NCAA TOURNAMENT -- March 18, 2010 at 5:34 PM ET
NCAA Bracketology: The Science Behind March Madness
It's a beautiful, sunny day here in Washington. But there are more than a few people turned away from their office windows, preoccupied with a much smaller orange orb. In case you hadn't heard, it's March Madness time.
And that means it's time for everyone to break out not only their office brackets, but also their preferred method for picking victors -- some far more scientific than others. (On the not-so-scientific scale, we've heard picking principles ranging from how much you like the sound of the school's name to how you feel about people who went to that school. Then there's this bracket based on how much schools' alumni make post-graduation. Like we said, not so scientific.)
But in surveying the bracket-obsessed media, it's clear that plenty of thought has been devoted to developing statistical approaches that actually could help you pocket winnings in your office pool.
Getting a lot of attention is the LRMC ranking system -- which stands for "logic regression/Markov chain." Heavy on the math, it considers a team's results, its schedule and, distinct from many other methodologies, how home court advantages have helped a team's season performance. And LRMC correctly predicted No. 6 Notre Dame's 1-point loss to No. 11 Old Dominion earlier Thursday.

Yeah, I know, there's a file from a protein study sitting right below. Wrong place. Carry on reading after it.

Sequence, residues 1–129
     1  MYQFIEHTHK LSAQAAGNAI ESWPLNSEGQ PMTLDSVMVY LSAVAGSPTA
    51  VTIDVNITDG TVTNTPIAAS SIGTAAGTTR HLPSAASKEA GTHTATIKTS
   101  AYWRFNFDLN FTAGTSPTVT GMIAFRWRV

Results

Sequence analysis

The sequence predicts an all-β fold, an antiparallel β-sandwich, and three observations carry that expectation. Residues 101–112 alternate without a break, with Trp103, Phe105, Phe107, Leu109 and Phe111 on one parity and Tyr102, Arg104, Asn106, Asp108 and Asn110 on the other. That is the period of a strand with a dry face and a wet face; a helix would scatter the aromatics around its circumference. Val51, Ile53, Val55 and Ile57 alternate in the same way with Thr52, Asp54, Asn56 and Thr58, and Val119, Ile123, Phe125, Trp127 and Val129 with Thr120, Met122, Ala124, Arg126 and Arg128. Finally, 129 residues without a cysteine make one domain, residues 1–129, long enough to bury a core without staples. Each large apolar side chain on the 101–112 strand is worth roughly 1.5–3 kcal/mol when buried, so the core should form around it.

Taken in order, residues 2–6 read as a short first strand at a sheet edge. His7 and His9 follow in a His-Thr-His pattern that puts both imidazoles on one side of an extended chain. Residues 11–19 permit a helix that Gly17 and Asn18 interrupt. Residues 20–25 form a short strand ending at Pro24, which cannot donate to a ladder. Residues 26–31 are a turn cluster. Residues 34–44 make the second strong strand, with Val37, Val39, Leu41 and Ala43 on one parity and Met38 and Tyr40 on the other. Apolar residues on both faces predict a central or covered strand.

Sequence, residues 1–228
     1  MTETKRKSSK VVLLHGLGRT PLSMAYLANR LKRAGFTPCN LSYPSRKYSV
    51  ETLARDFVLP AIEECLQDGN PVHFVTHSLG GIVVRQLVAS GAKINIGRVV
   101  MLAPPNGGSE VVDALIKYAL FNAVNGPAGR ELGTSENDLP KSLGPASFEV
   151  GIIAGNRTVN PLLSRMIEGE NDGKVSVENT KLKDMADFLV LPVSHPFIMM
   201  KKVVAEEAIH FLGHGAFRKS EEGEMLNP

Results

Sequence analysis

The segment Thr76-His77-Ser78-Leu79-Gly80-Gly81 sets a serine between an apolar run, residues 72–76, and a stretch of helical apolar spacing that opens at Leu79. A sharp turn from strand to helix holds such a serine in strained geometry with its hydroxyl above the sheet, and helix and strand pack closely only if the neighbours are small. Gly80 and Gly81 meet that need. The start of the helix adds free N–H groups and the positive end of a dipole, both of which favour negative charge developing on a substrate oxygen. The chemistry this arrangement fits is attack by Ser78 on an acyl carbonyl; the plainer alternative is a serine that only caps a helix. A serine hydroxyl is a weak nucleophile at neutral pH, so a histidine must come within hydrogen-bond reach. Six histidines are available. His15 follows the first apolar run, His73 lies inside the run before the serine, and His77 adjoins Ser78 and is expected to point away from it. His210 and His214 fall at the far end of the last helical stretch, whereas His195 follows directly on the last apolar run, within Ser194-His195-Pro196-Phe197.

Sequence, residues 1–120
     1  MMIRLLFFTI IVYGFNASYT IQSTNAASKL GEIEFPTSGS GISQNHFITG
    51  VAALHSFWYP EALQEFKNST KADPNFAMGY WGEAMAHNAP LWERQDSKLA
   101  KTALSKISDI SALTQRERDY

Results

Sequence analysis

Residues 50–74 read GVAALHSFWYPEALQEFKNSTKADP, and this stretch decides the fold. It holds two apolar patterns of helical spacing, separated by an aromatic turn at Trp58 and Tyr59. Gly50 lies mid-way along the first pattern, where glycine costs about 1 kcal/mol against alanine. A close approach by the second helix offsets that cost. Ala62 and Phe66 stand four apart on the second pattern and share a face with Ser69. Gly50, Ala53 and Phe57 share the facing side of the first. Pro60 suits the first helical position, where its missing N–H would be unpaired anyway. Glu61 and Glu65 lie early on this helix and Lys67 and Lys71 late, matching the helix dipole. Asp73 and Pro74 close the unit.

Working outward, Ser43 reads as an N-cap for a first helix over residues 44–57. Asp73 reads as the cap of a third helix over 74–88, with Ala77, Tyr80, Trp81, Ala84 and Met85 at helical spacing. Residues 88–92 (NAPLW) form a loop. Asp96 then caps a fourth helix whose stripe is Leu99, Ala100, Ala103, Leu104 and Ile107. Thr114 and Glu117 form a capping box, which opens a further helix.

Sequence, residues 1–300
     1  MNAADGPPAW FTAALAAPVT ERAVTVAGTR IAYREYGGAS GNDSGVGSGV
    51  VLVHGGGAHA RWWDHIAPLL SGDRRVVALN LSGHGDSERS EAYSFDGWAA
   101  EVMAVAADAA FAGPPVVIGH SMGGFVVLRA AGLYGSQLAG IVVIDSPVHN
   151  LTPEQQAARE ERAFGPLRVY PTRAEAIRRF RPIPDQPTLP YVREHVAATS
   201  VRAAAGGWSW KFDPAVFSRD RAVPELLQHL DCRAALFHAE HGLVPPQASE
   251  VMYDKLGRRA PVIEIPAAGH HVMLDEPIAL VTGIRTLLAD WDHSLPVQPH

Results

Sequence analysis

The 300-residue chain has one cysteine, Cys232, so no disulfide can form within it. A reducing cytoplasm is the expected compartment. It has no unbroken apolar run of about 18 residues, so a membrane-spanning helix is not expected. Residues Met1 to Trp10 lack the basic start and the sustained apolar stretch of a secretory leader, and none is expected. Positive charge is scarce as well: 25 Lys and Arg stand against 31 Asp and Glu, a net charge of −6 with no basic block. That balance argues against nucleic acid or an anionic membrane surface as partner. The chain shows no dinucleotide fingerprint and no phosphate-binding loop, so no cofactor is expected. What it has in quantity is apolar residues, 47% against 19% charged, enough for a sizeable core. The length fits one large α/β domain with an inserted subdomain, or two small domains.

(Old Dominion, it should be noted, was Wired's Mark McClusky's single biggest 'undervalued' team in his comparison of teams' performances and how the crowd on ESPN is valuing them. Betting with or against the crowd, as McClusky, writes can make or break your bracket.)
There are plenty more tips for picking the perfect bracket -- a No. 1 team, for instance, has never been taken out by a No. 16 team -- but don't hold your breath waiting for 100 percent accuracy. Another fun activity out there today is trying to calculate your chances of a perfect bracket. When the WSJ looked into it, their odds range from one in 150 million to one in 9 million trillion if each game were a true toss-up. "Put another way, you are about 60 billion times more likely to win the multistate Powerball lottery."
Another favorite via Book of Odds:
...if you follow the optimal strategy of always picking the higher seed to win, your odds of filing a perfect March Madness bracket are just 1 in 35,360,000,000--almost 18 times worse than your odds of being killed by a waterspout in a year (1 in 1,988,000,000).
On Thursday's NewsHour, we'll examine recent calls to raise graduation rates for U.S. collegiate athletes.